- Select the Slice Select tool and click the slice in the image. When working with overlapping slices, click the visible section of an underlying slice to select it.
- Select the Slice Select tool, and Shift-click to add slices to the selection.
- Select the Slice Select tool in the Save for Web & Devices dialog box, and click in an auto slice or outside the image area, and drag across the slices you want to select. (Clicking in a user slice and dragging moves the slice.)
- Choose File > Save For Web & Devices. In the dialog box, use the Slice tool to select a slice.
When using either the Slice tool or the Slice Select tool, you can switch from one tool to the other by holding down Ctrl (Windows) or Command (Mac OS).
To move a slice, move the pointer inside the slice selection border, and drag the slice to a new position. Press Shift to restrict movement to a vertical, horizontal, or 45° diagonal line.
To resize a slice, grab a side or a corner handle of the slice, and drag. If you select and resize adjacent slices, common edges shared by the slices are resized together.
In the Dimensions area of the Slice Options dialog box, change one or more of the following options:
Specifies the distance in pixels between the left edge of the slice and the origin of the ruler in the document window.
Specifies the distance in pixels between the top edge of the slice and the origin of the ruler in the document window.
The default origin of the ruler is the upper-left corner of the image.
Use the Divide Slice dialog box to divide slices horizontally, vertically, or both. Divided slices are always user slices, regardless of whether the original is a user slice or an auto slice.
You cannot divide layer-based slices.
Select and enter a value for Slices Down or Slices Across to divide each slice evenly into the specified number of slices.
Select and enter a value for Pixels Per Slice to create slices with the specified number of pixels. If the slice cannot be divided evenly by that number of pixels, the remainder is made into another slice. For example, if you divide a slice that is 100 pixels wide into three new slices each 30 pixels wide, the remaining 10‑pixel‑wide area becomes a new slice.
You can create a duplicate slice with the same dimensions and optimization settings as the original. If the original slice is a linked user slice, the duplicate is linked to the same collection of linked slices. Duplicate slices are always user slices, regardless of whether the original is a user slice, a layer-based slice, or an auto slice.
You can copy and paste a selected slice within an image, into another image, or into another application such as Dreamweaver. Copying a slice copies all layers within the bounds of the slice (not just the active layer).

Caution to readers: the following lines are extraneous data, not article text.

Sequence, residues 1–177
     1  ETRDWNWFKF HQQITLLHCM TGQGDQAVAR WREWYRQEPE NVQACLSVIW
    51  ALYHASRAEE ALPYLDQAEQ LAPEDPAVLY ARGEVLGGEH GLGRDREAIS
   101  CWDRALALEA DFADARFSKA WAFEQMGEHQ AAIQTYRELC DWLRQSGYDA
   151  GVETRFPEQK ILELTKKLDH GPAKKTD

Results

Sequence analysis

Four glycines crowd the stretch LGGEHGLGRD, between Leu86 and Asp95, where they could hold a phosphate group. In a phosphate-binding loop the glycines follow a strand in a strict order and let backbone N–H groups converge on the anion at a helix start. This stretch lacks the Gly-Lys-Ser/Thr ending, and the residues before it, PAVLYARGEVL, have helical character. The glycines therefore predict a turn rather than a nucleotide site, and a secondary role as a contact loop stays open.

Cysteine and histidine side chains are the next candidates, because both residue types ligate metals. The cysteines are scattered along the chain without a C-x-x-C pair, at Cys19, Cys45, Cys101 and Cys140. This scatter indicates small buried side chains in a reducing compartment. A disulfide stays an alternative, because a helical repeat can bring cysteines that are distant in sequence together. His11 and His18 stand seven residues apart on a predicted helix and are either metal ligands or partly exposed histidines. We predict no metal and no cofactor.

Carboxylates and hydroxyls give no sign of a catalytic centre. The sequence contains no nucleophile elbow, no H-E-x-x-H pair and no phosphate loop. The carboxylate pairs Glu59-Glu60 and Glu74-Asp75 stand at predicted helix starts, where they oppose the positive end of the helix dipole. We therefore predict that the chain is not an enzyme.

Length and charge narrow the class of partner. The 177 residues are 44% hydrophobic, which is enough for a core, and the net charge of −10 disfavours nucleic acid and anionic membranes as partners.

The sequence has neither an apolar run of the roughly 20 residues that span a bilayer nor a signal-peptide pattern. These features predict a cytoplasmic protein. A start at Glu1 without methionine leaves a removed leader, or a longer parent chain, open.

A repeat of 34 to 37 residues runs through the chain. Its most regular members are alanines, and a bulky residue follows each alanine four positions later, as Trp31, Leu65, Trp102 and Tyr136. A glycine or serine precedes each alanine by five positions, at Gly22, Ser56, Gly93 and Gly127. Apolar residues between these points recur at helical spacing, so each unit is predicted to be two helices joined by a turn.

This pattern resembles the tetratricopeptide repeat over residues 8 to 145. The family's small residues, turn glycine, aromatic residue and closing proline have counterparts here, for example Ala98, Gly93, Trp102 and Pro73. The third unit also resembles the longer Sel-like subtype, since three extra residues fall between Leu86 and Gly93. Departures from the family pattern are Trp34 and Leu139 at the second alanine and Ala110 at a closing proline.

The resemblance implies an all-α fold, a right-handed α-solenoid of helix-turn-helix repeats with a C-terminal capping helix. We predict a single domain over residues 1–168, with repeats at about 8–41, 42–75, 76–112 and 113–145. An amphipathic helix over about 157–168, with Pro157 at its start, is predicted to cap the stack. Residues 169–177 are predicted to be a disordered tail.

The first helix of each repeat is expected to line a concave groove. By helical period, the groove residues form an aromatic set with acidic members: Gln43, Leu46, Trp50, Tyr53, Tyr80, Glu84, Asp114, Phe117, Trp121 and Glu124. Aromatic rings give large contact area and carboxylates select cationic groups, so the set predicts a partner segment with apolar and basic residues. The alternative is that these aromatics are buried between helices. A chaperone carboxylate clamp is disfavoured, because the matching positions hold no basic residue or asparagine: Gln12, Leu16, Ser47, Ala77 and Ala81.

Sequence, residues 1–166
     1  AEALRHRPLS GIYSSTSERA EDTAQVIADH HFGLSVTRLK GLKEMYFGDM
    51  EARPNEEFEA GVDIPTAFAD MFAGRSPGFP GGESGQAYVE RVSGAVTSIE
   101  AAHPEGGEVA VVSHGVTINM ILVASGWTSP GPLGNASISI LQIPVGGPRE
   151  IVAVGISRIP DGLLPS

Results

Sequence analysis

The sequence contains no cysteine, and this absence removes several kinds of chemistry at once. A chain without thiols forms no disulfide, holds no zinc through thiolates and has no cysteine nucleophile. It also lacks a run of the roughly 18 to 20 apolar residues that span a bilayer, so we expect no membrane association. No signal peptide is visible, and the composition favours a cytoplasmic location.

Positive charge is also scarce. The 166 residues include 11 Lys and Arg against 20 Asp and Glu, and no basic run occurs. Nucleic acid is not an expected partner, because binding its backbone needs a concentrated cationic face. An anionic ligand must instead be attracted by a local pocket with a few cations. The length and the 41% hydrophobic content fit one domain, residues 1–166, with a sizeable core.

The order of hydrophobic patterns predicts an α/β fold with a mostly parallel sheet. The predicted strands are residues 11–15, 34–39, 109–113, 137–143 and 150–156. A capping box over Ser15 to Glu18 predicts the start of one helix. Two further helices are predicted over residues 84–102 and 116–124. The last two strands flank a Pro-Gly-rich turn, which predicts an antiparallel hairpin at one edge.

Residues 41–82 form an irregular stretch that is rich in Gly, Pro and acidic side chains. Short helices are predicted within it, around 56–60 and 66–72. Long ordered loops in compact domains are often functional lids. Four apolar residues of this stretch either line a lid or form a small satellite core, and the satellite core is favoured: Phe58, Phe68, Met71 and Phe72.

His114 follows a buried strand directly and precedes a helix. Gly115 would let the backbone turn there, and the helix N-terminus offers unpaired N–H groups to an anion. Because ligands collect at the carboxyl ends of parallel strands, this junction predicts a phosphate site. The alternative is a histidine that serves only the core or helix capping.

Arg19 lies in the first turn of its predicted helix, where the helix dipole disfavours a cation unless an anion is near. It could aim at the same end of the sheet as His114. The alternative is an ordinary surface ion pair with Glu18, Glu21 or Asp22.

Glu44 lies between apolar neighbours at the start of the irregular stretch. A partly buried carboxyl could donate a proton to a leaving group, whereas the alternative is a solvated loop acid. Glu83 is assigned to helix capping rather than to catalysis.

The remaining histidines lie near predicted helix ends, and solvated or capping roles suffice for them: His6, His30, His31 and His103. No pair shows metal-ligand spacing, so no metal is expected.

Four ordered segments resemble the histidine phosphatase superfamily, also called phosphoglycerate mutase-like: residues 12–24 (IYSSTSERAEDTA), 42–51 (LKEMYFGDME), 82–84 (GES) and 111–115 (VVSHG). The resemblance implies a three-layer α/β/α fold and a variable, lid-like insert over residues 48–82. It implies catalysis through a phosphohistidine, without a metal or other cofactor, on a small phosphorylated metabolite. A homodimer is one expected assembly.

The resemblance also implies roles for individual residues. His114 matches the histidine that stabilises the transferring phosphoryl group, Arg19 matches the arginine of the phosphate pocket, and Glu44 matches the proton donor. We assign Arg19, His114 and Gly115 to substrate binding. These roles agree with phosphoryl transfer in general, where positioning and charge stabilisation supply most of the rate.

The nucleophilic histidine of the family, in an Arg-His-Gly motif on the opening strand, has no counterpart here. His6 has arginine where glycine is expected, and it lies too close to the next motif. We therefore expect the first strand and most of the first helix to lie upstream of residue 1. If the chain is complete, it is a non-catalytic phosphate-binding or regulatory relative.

A slice copied into Dreamweaver retains information about the filename and path of the original Photoshop source file. To view this information in Dreamweaver, right-click (Windows) or Ctrl+click (Mac OS) the image and choose Design Notes, then locate the FilePathSrc field on the All Info tab.
You can combine two or more slices into a single slice. Photoshop determines the dimensions and position of the resulting slice from the rectangle created by joining the outer edges of the combined slices. If the combined slices are not adjacent or have different proportions or alignments, the newly combined slice may overlap other slices.
The combined slice takes the optimization settings of the first slice in the series of slices you select. A combined slice is always a user slice, regardless of whether the original slices include auto slices.
You cannot combine layer-based slices.
When slices overlap, the last slice you create is the top slice in the stacking order. You can change the stacking order to gain access to underlying slices. You can specify which slice is on the top and bottom of the stack and move slices up or down in the stacking order.
You cannot arrange the stacking order of auto slices.
You can align user slices along an edge or their centers, and distribute user slices evenly along the vertical or horizontal axis. By aligning and distributing user slices, you can eliminate unneeded auto slices and generate a smaller, more efficient HTML file.
To align or distribute layer-based slices, align or distribute the contents of the layers.
When you delete a user slice or layer-based slice, auto slices are regenerated to fill the document area.
Deleting a layer-based slice does not delete the associated layer; however, deleting the layer associated with a layer-based slice does delete the layer-based slice.
You cannot delete auto slices. If you delete all user slices and layer-based slices in an image, one auto slice covering the entire image remains.